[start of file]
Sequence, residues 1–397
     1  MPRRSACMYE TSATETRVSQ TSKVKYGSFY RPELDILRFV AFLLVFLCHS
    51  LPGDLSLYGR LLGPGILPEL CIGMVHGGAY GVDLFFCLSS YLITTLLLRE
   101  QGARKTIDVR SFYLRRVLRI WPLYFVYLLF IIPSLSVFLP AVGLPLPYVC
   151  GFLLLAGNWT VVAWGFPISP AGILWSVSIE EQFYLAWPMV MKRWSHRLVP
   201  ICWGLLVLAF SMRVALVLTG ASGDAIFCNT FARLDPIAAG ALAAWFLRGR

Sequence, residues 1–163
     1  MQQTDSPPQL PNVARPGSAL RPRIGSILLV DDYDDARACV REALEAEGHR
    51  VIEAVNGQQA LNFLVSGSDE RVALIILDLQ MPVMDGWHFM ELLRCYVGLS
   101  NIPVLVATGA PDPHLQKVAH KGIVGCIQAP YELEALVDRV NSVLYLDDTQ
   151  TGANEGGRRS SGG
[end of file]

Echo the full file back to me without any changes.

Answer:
Sequence, residues 1–397
     1  MPRRSACMYE TSATETRVSQ TSKVKYGSFY RPELDILRFV AFLLVFLCHS
    51  LPGDLSLYGR LLGPGILPEL CIGMVHGGAY GVDLFFCLSS YLITTLLLRE
   101  QGARKTIDVR SFYLRRVLRI WPLYFVYLLF IIPSLSVFLP AVGLPLPYVC
   151  GFLLLAGNWT VVAWGFPISP AGILWSVSIE EQFYLAWPMV MKRWSHRLVP
   201  ICWGLLVLAF SMRVALVLTG ASGDAIFCNT FARLDPIAAG ALAAWFLRGR

Sequence, residues 1–163
     1  MQQTDSPPQL PNVARPGSAL RPRIGSILLV DDYDDARACV REALEAEGHR
    51  VIEAVNGQQA LNFLVSGSDE RVALIILDLQ MPVMDGWHFM ELLRCYVGLS
   101  NIPVLVATGA PDPHLQKVAH KGIVGCIQAP YELEALVDRV NSVLYLDDTQ
   151  TGANEGGRRS SGG